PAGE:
Rhetorical Situation Analysis: Analyze the “Farewell to Baseball” Speech.

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Public Speaking
Strategies For Success, Seventh Edition

David Zarefsky

ISBN-13: 978-0-205-85726-5


In this Lesson, you will analyze the structure of
a short speech, Lou Gehrig’s “Farewell to Baseball,”.


Please be sure to complete in a single Word

  • You will assess
    a short speech in terms of its organization and structure.

Part I: Analyze the “Farewell to Baseball”

On July 4, 1939, Yankee First Baseman Lou Gehrig
gave a short speech of farewell during retirement ceremonies at
Yankee Stadium in New York City. In terms of the rhetorical
situation, the speaker produced a fitting response that eliminated
the exigence in that situation. In any ceremony, of course, it is
customary for the guest of honor to make a few remarks and the
speaker eliminates that exigence just by saying something. Lou
Gehrig, however, perceived an additional exigence: sadness among
baseball fans. He reduced that exigence in giving his speech.

A rhetorical analysis of the speech begins with
the historical context: Lou Gehrig had set a record for the number of
consecutive games played in U.S. major-league baseball, but he
suddenly quit playing for health reasons. The occasion was “Lou
Gehrig Day,” a ceremony held at the stadium prior to a game to
commemorate the career of the retiring ballplayer. The audience
included spectators, other players, team and league officials,
workers, and radio listeners. The speaker was a professional athlete
who, not as comfortable with sportswriters as his teammate Babe Ruth
had been, had not planned to speak until his wife convinced him that
he should. The speech was short, extemporaneous, and reflected
gratitude. But this only recounts the facts about the speech without
accounting for the constraints and opportunities from each element
that the speaker was able to use to make the speech a fitting
response that reduced the exigence.

In this rhetorical situation, the occasion
provided the speaker with constraints and resources. He was obliged
to speak, given the conventions of such occasions, and was in uniform
at a public gathering in a place where people were used to seeing
him. As such, the occasion requires a somewhat formal ceremonial
speech that reflects on the shared values of the community in a
public, rather than private, gathering. In a familiar setting, the
occasion gave a somewhat shy man a comfortable space in which to
speak. The audience would expect a speech that was short, graceful,
and respectful of shared values that would address their feelings
appropriately but not overshadow the baseball game. The audience
provided respectful attention and a heightened emotional register for
the speaker, which gave his speech a purpose: he spoke to eliminate
the emotional exigence of sadness. The speaker, who had attended
Columbia University in the engineering program (on a baseball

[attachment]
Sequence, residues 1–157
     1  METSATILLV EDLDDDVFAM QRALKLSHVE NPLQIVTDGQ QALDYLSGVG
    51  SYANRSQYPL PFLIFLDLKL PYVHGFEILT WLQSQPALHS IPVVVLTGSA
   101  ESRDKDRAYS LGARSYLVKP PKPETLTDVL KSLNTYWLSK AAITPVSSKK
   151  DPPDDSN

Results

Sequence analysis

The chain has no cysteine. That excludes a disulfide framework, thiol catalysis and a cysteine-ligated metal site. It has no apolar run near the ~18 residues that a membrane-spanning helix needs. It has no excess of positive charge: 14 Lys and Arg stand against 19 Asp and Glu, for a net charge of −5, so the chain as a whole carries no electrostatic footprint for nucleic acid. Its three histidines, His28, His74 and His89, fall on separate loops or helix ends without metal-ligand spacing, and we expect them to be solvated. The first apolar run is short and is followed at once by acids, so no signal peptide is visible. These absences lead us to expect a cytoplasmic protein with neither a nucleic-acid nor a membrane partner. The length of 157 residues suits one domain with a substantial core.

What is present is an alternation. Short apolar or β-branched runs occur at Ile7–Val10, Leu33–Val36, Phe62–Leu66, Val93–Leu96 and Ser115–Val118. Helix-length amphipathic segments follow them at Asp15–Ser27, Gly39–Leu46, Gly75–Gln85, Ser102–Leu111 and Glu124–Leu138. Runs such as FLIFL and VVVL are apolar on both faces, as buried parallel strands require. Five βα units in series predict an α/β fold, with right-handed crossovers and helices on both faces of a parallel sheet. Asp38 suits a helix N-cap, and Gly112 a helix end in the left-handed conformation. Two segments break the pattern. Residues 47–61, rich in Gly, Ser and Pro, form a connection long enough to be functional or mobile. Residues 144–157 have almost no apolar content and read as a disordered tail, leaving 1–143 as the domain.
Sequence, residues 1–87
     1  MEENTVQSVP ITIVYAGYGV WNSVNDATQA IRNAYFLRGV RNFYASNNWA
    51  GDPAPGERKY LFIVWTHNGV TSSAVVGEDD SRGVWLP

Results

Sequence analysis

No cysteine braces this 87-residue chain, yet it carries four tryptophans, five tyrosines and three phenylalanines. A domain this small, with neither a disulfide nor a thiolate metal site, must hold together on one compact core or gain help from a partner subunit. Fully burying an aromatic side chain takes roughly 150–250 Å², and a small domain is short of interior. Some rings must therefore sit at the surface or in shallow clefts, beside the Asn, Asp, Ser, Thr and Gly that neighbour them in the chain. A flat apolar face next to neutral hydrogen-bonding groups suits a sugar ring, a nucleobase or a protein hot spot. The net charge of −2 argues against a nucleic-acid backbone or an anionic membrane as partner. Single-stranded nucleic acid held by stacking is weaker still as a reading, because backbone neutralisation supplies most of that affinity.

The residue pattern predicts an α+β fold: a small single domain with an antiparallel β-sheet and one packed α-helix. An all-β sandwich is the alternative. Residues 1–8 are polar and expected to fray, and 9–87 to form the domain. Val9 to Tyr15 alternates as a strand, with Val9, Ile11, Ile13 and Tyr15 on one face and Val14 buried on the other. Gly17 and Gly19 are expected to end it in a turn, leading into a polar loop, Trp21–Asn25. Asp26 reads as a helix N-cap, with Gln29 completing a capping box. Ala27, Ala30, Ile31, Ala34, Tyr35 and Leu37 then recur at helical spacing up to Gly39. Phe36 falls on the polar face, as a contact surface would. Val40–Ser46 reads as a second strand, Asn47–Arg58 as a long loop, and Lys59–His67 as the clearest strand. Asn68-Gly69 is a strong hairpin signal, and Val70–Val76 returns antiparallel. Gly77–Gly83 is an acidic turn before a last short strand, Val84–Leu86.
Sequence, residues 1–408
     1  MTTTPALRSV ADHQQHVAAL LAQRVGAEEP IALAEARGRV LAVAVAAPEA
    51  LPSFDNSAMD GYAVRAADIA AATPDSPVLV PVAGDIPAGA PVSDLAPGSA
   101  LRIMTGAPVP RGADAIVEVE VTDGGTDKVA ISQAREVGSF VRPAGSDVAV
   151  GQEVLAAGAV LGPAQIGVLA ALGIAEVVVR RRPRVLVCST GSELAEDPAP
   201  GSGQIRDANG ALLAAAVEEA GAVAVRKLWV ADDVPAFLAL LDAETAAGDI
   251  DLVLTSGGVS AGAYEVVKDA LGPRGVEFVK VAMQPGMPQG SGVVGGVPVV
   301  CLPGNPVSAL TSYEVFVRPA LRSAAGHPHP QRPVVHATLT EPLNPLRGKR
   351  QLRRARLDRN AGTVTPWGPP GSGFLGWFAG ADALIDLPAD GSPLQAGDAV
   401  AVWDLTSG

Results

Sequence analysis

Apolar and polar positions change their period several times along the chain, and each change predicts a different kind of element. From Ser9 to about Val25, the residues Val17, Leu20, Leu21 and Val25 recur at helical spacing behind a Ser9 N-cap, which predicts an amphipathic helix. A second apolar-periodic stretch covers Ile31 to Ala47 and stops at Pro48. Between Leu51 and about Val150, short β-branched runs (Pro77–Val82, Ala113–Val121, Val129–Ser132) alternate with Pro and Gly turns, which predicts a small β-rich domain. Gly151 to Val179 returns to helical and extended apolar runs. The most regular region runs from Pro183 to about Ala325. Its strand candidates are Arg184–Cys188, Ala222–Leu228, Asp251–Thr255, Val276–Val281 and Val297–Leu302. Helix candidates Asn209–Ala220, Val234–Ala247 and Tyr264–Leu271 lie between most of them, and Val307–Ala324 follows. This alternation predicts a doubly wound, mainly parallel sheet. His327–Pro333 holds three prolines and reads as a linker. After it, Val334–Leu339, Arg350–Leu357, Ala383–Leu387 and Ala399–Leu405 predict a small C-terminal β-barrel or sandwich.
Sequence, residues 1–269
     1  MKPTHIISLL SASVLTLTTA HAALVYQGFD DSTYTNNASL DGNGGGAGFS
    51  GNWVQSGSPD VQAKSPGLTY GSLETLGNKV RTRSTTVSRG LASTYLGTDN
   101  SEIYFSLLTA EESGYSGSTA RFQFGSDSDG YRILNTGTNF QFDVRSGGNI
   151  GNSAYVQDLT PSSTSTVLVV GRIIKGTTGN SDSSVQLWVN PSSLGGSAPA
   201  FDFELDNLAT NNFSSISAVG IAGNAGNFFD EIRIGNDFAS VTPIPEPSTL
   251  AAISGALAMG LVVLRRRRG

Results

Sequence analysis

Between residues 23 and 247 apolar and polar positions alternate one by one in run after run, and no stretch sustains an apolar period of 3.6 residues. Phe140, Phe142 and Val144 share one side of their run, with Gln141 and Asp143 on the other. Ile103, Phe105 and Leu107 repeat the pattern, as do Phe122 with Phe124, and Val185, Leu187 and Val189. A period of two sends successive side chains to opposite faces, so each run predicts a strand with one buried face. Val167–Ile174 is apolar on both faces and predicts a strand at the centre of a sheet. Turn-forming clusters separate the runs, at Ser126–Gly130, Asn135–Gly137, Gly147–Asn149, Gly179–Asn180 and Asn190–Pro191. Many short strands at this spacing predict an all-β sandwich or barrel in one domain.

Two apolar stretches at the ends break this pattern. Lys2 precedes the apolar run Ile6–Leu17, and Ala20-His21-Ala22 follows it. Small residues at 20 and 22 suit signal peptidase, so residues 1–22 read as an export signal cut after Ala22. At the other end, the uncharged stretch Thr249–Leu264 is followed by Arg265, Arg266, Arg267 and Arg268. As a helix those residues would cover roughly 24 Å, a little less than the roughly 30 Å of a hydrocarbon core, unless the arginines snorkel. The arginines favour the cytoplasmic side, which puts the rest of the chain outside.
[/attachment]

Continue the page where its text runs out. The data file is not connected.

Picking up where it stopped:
scholarship), was an uncomfortable public speaker, but he had a
strong sense of responsibility. His intelligence and determination
sustained him in a time that was difficult personally,
professionally, and publicly. The speech had to be short, emotional
without being weepy, prepared but heartfelt, and appropriate to the
occasion in its ideas, structure, and language. The speech drew on
the resources and accommodated the constraints of each element in the
rhetorical situation to be a fitting response that achieved its

Lou Gehrig’s “Farewell to Baseball” provides
us with an opportunity to consider the critical roles of speakers,
citizen-critics, and rhetorical critics. As speakers, we can learn
from the speech, as it is an example of several of the principles of
public speaking that we have developed in this course; we can
consider these whenever we speak on ceremonial occasions. As
citizen-critics, we can listen for the shared values of the community
reflected in the speech, consider their merits, and think about how
we would respond as the next speaker to attempt a fitting response,
either reinforcing and extending the values or modifying and revising
them depending on the new exigence. As rhetorical critics, we can
analyze the speech itself; for this lesson, we will focus on the
structure of the speech.

After you view
and read the speech (Links to an external site.)Links to an
external site.
, identify the ideas and values
that make up the propositional content of the speech. Then, consider
the structure. The speech does not follow all of the advice given by
the Zarefsky textbook, of course; ceremonial speeches often privilege
resonance of ideas over clarity of expression, and Gehrig’s speech
does not contain all of the functions of an introduction, conclusion,
or transition that you will be expected to use in your speech—just
most of them. In your rhetorical situation, the constraints and
opportunities for your speech assignment include using the strategies
and tactics for structure in the textbook. Using those strategies,
analyze the structure of Lou Gehrig’s “Farewell to Baseball” in
an essay of 300–400 words or one to two double-spaced pages, in
Times New Roman with 12-point font and indented paragraphs. Include a
word count in your submission. All papers should be Word-processed,
with sources cited in the style you are most familiar with (such as
APA, MLA, or Chicago), if you use scholarly research to support your
claims. All papers must be free from typographical and spelling
mistakes. Errors of grammar, syntax, and composition affect the
assignment grade.


expressed in “Farewell to Baseball” 5 points

Arrangement of “Farewell to
Baseball” 5 points

Functions of Introduction and Conclusion in
“Farewell to Baseball” 5 points

How does “Farewell to Baseball” structure
manage constraints and resources? 5 points


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